OGS-GTP Bridge. The solution to fuzzy placement, last move markers, 3d boards and all other clients options

I’ve been thinking about a solution to a lot of problems no one is having :stuck_out_tongue:

I’ve seen interest in fuzzy stone placement, apparently we have looked into adding this but it was not as straight forward as would seem

I’ve seen interest in eliminating opponent rank display, last move display, ECT ECT…

Personally I’d prefer to play on a perspective board as one sees it sitting on the table.

All of these problems have finished solutions, if we could only talk to them?

How about an OGS GTP bridge application? It would be used as a stand alone application to handle browsing and finding games that would then launch whatever GTP client while handle communication between OGS API and the gtp commands playing the game out on the client.

This would make it possible to play games on OGS with sabaki, glgo, or any other client you may have grown fondness for.

While there is not much work being done on it now, this would also be extensible later for projects such as the physical goban interface for OGS some have pondered building.

Any interest? Opinions?

This was done at one point for KGS, though not sure how often it was used. http://www.weddslist.com/kgs/how/kgsGtp.html
I just like flexible open interfaces shrug


This perfectly describes most of what I do.

I think most of the things you describe are purely front-end, so with or without a bridge application, someone has to write the code for it. They might as well write it for the OGS site itself then and submit it to the Github right?

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I’m not sure if GTP would be a better or worse way, but it should be noted that OGS already has some sort of open API that supports playing games via other clients (although I know very little about it beyond that it exists).

In fact, there is already an ongoing effort to develop a mobile app that uses this API:

I have no idea what all this means but it sounds good!

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Most of the things are front end, but I am proposing 1 solution to many problems. Sure someone could write the code to copy one feature or another.
But what if, 1 time instead of trying to code and recode OGS to look/act like out favorite client… We just used our favorite client?

The way I see it using the go text protocol to extend the interface in open and standard ways certainly has an advantage to endless frontend work valid in only 1 situation.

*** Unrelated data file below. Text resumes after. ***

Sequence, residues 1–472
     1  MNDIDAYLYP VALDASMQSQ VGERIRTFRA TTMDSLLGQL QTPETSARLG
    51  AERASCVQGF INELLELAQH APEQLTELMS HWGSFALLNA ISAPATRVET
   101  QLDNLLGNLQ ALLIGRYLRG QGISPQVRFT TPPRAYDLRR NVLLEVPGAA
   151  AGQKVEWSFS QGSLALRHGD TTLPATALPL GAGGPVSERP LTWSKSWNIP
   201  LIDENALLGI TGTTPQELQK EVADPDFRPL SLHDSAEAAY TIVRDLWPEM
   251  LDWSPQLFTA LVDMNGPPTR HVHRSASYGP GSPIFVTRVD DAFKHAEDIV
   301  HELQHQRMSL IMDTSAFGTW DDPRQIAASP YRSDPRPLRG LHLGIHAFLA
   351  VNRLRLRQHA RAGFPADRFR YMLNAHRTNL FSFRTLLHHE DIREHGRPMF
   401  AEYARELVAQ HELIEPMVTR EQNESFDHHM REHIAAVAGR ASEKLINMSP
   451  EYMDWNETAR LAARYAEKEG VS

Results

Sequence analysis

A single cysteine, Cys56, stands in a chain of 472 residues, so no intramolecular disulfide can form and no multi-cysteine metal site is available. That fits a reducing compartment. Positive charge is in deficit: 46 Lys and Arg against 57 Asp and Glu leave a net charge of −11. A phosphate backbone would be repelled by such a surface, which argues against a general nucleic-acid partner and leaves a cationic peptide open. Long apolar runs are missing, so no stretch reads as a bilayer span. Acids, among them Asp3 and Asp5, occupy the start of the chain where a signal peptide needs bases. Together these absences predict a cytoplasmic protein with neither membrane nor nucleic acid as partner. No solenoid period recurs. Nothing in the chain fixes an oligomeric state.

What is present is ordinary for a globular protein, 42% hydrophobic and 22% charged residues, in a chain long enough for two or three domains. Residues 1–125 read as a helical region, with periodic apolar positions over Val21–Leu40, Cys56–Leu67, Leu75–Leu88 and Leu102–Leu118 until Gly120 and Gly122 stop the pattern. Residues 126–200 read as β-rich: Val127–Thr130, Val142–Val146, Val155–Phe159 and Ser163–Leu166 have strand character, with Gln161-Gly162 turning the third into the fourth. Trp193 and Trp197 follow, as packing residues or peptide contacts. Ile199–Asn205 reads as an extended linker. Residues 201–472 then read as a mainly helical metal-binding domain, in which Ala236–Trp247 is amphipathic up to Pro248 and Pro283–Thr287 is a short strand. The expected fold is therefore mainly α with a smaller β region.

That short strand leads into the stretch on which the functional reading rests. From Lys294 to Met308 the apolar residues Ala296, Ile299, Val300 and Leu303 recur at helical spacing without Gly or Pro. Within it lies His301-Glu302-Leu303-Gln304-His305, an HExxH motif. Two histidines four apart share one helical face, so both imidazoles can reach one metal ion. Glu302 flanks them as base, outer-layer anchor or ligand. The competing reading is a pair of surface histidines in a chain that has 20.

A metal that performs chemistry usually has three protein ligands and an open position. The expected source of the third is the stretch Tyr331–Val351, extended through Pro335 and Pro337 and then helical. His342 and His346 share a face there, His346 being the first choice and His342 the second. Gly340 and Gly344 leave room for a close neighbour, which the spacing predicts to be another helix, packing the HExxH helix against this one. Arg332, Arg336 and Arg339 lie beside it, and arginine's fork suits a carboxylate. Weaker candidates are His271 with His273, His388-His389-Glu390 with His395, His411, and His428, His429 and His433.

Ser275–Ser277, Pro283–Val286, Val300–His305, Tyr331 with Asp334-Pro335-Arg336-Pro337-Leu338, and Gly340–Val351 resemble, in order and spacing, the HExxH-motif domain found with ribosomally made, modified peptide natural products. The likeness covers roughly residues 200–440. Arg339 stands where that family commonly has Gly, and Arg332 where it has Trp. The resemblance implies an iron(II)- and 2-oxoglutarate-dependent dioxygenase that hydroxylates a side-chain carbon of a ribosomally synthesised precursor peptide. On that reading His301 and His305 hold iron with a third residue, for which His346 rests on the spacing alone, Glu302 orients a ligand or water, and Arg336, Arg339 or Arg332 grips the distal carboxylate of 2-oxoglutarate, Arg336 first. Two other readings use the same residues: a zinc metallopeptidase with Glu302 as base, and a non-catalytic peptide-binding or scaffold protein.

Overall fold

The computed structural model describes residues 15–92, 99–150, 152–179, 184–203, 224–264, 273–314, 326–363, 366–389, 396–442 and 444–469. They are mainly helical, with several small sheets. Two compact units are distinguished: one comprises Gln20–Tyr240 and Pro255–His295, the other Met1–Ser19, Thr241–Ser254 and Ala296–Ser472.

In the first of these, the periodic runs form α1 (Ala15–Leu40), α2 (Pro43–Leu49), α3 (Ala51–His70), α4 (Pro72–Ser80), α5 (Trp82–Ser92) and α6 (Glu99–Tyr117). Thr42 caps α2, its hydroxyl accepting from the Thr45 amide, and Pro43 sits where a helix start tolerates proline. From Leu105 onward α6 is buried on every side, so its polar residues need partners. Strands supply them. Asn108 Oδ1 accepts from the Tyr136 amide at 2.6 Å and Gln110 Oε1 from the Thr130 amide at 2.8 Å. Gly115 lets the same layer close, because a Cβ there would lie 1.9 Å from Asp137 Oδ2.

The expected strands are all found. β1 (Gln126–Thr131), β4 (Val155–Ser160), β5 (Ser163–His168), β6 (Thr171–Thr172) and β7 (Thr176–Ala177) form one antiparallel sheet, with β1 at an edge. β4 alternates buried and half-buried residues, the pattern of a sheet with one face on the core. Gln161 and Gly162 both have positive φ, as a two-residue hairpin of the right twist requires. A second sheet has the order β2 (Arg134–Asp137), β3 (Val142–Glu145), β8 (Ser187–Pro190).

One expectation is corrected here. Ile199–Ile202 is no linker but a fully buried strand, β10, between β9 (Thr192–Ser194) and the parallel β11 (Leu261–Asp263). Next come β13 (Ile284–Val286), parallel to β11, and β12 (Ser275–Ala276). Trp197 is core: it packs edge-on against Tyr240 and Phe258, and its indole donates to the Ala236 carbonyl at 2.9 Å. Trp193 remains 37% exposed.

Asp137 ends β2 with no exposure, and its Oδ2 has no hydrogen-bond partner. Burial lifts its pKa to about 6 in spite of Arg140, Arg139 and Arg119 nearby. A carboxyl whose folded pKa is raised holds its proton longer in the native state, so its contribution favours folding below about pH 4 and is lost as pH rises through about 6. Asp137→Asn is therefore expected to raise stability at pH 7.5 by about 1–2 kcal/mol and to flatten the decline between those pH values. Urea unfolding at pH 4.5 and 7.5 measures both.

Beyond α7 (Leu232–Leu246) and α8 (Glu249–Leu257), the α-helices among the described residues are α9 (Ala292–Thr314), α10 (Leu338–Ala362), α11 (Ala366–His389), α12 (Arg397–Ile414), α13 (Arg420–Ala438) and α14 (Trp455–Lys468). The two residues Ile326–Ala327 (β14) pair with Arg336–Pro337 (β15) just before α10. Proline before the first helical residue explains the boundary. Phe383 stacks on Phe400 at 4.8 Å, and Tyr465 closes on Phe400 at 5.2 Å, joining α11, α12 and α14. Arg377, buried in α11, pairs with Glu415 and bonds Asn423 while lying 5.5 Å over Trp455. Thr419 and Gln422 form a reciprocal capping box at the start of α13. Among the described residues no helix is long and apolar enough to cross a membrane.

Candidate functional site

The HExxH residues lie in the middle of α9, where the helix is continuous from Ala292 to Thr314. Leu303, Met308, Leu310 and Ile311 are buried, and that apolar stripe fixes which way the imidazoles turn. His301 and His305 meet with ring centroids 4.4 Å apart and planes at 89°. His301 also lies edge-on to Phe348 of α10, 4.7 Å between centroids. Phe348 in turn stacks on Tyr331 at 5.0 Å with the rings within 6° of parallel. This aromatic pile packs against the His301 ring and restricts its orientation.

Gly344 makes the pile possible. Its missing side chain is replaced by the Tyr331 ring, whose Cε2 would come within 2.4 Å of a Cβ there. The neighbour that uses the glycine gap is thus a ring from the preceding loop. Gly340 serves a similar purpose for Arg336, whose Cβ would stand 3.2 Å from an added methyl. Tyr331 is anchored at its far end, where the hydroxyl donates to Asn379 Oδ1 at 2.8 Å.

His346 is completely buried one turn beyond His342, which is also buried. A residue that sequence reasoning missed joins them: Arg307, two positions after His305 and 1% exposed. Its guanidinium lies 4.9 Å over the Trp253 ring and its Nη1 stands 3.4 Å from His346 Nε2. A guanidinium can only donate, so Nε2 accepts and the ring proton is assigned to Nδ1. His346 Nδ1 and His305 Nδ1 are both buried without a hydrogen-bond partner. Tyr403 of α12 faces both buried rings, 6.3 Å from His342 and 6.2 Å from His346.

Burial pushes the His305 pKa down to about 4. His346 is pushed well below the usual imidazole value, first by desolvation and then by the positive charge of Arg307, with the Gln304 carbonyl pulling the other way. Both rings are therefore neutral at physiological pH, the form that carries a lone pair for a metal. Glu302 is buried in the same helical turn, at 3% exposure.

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  1. An OGS-GTP bridge already exists:
  1. I think GTP is primarily designed to facilitate the interaction between a bot and a client (for the bot to play against a human using the client), or between a bot and a go server (for the bot to play against humans via the server). It might be less suitable for the interaction between the server and client software (for the purpose of allowing a human to use the go server via the client).

  2. The existing OGS API might be better suited for interfacing a client to the OGS server. Other key things like finding and arranging games seems to be outside of the scope of GTP.

Edit: I reread your original post, and I think I now better understand what you mean. You’re proposing a program that acts as a sort of intermediary that interfaces with OGS for finding games, etc., but then provides a GTP interface that various end-user clients could connect to. Basically, software that makes the OGS server look like GTP bot for whatever client GUI the end user wants to use?

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I think this is a neat idea, but there might be some difficulties surrounding two issues:

  1. Time Control: GTP assigns the client as the master for keeping time, but in this application, the server (acting as a bot) would have to provide the official time control information to the client somehow.
  2. Status/Scoring: marking dead stones is key to the scoring procedure on OGS, but GTP does not seems to support a method to tell the bot (server) which stones should be marked as dead/alive.

Maybe both of these issues would have to be handled by the bridge application directly, i.e., the bridge software displays the time controls (in a window separate from the client), and the user has to switch back to the bridge application to perform scoring.

Yes you have it now, thank you.

However let us not get too caught up in bots.
Go Text Protocol is a replacement for Go Modem Protocol and has been used for one computer or program to send information about a go game to another computer/program.
This in and of itself has nothing to do with bots. However, if you ARE a bot who plays go, the standard computer go langue is a good thing for you to speak :stuck_out_tongue:

But yes this would allow you to load the program and make a game request or otherwise manage challenges, and when it came time to open a go board it would open the client of your choosing and speak to that client I’m GTP.

Essentially, you would load this theoretical OGS-GTP bridge and make a game request. It would handle the OGS API calls and then open Sabaki, and you could play out your game in sabaki. It would stay running in the background as a translator between the OGS server and the standard go text protocol used by generic clients, allowing anyone who chose to do so to play OGS games on any client that supports GTP (most).

This would also pave the way for other projects, such as a hardware interface. Either purchased or DIY electric gonbans (not at all common) will typically support play through GTP as well.

The current gtp2ogs is very close, but designed for bots so I do not think it supports everything we would be looking for. If I continue to move forward it will likely be a good resource however.

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